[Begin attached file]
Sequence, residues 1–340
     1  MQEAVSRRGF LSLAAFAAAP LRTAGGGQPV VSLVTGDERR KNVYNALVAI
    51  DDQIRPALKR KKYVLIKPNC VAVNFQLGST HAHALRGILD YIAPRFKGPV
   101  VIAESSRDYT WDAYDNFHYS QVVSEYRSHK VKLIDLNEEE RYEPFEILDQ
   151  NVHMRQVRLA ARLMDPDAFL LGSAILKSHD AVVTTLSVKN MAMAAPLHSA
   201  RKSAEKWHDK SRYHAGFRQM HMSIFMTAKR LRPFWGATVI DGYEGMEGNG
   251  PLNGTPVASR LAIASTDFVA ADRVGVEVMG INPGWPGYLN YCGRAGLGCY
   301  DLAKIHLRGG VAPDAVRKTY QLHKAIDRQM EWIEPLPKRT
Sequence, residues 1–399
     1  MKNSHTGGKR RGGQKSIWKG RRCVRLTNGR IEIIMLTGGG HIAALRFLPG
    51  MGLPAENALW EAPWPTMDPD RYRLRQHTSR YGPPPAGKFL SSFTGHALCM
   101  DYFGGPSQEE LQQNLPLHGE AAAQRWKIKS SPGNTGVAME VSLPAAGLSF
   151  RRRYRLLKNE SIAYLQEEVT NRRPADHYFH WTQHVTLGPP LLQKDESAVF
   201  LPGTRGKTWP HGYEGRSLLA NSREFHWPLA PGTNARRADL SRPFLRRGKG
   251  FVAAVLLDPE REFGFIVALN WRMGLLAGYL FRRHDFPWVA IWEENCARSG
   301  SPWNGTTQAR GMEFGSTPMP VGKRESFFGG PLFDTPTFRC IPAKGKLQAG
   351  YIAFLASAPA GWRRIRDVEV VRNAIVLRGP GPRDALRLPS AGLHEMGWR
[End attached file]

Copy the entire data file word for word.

Sequence, residues 1–340
     1  MQEAVSRRGF LSLAAFAAAP LRTAGGGQPV VSLVTGDERR KNVYNALVAI
    51  DDQIRPALKR KKYVLIKPNC VAVNFQLGST HAHALRGILD YIAPRFKGPV
   101  VIAESSRDYT WDAYDNFHYS QVVSEYRSHK VKLIDLNEEE RYEPFEILDQ
   151  NVHMRQVRLA ARLMDPDAFL LGSAILKSHD AVVTTLSVKN MAMAAPLHSA
   201  RKSAEKWHDK SRYHAGFRQM HMSIFMTAKR LRPFWGATVI DGYEGMEGNG
   251  PLNGTPVASR LAIASTDFVA ADRVGVEVMG INPGWPGYLN YCGRAGLGCY
   301  DLAKIHLRGG VAPDAVRKTY QLHKAIDRQM EWIEPLPKRT
Sequence, residues 1–399
     1  MKNSHTGGKR RGGQKSIWKG RRCVRLTNGR IEIIMLTGGG HIAALRFLPG
    51  MGLPAENALW EAPWPTMDPD RYRLRQHTSR YGPPPAGKFL SSFTGHALCM
   101  DYFGGPSQEE LQQNLPLHGE AAAQRWKIKS SPGNTGVAME VSLPAAGLSF
   151  RRRYRLLKNE SIAYLQEEVT NRRPADHYFH WTQHVTLGPP LLQKDESAVF
   201  LPGTRGKTWP HGYEGRSLLA NSREFHWPLA PGTNARRADL SRPFLRRGKG
   251  FVAAVLLDPE REFGFIVALN WRMGLLAGYL FRRHDFPWVA IWEENCARSG
   301  SPWNGTTQAR GMEFGSTPMP VGKRESFFGG PLFDTPTFRC IPAKGKLQAG
   351  YIAFLASAPA GWRRIRDVEV VRNAIVLRGP GPRDALRLPS AGLHEMGWR